Like many other third-world countries, Zimbabwe and its inhabitants often endure long periods without electricity. In order to combat this, they use firewood as a primary source of energy. Unfortunately, this very method of creating energy is responsible for the growing problem of deforestation in those regions. This, in turn, affects global warming and contributes to global climate change.
The device that Chiara manufactured produced around 1.5 volts. This amount of energy is a great option for rural areas without energy due to the fact that they are far away from, or not yet connected to, the national grid. Urban areas may benefit from this as well as a backup power source is a great option when energy supplies are limited.
The work done by Chiara has been rewarded with a Society for Science and the Public Community Innovation Award. These awards are handed out to students whose work contributes to helping their communities. During 2018, the Society of Science awarded 20 students with $500 prizes. And Chiara was one of them. Students that previously received the award were Shubh Dholakiya from Rajkot, who built a bike for disabled people. Another was handed out to Claire Wayner from Baltimore, who discovered a way in which people can decrease the number of bacteria in stormwater filtration systems. And last but definitely not the least, Madeleine Yang discovered a more potent influenza vaccine.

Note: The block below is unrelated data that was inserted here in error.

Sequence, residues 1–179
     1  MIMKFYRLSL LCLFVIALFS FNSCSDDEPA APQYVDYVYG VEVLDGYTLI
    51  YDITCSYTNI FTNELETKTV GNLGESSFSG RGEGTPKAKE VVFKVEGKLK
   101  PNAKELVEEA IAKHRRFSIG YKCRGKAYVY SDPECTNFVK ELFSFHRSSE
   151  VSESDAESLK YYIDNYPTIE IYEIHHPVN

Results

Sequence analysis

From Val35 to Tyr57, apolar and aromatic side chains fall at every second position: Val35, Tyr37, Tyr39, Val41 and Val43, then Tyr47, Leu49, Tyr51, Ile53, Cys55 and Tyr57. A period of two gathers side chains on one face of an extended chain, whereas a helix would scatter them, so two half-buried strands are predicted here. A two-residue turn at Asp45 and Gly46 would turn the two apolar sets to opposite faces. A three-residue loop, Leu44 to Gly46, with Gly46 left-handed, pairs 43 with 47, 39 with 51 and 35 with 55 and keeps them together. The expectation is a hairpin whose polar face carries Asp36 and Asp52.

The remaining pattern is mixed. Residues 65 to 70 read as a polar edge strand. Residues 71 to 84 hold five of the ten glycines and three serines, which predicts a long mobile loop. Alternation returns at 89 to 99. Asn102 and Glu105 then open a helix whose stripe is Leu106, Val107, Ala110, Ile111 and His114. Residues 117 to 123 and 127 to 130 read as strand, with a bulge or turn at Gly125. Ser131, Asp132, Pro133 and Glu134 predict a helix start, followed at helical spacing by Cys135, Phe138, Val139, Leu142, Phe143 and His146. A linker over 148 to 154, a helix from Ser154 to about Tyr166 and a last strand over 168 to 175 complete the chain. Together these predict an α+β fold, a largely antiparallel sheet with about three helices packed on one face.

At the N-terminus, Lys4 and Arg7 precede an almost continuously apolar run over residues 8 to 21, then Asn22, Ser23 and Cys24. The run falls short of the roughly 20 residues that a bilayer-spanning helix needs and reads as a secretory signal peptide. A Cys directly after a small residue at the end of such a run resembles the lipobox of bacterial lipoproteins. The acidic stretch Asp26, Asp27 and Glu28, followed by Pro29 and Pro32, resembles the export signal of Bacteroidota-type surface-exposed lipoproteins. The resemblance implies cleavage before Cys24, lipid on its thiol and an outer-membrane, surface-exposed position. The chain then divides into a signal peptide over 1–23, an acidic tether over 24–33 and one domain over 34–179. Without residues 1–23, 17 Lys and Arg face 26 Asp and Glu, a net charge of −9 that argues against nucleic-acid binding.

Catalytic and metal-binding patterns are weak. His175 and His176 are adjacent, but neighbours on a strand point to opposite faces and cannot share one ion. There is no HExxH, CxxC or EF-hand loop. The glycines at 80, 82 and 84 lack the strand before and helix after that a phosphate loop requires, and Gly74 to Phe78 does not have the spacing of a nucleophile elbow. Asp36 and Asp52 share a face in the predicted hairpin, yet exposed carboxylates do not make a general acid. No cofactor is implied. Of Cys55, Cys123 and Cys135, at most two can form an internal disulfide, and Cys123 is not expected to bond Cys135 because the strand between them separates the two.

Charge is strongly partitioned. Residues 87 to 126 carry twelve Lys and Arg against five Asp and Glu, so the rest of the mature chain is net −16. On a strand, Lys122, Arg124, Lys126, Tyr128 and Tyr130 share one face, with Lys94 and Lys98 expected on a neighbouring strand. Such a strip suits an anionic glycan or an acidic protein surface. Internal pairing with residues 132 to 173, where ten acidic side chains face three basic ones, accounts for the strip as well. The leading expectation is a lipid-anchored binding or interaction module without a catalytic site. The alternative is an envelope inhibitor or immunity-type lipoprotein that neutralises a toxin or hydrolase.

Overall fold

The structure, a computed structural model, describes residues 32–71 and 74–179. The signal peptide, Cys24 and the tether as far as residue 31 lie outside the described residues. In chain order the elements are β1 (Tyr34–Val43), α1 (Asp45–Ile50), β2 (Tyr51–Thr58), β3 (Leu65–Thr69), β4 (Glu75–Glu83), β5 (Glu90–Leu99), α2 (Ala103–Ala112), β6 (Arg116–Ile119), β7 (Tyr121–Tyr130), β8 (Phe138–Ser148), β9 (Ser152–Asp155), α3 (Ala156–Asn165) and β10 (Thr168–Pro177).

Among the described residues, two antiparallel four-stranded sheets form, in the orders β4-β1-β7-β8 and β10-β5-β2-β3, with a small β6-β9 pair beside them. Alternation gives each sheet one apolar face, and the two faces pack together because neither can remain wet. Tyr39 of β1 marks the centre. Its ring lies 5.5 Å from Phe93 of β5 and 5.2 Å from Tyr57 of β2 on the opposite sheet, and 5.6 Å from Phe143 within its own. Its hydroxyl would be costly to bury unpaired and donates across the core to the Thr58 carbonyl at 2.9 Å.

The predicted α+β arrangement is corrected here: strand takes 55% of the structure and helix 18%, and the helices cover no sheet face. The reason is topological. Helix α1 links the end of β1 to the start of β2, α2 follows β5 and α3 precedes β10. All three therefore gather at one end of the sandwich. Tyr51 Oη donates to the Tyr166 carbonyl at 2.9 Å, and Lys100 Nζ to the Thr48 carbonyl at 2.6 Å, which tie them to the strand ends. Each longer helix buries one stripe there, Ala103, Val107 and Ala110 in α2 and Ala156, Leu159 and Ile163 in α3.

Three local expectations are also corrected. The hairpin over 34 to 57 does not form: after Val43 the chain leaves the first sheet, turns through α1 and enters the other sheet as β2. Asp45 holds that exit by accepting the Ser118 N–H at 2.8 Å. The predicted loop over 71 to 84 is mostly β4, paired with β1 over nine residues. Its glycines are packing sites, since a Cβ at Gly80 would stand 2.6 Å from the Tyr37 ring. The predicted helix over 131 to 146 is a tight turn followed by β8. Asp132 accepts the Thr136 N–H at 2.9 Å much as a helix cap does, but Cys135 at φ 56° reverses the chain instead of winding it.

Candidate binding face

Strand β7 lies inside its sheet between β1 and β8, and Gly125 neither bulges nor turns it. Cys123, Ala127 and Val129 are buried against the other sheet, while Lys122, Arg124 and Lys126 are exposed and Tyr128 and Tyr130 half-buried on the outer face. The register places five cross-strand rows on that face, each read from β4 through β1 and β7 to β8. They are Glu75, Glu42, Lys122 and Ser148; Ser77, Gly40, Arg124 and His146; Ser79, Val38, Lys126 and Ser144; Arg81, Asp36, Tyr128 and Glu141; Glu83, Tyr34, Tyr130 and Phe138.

Henry has never been ashamed of describing himself as a science geek. He has loved the world of science ever since he made his first baking soda and vinegar volcano back in the 3rd grade. His love for science then developed into his love of all living creatures. As a botonist, he spends more of his time speaking to plants than he does talking to other people. He, however, has learned the art of balancing his love affair with his work with family time. Henry spends a lot of time camping with his loving wife and beautiful kids. Henry has found the key to getting the best of both worlds.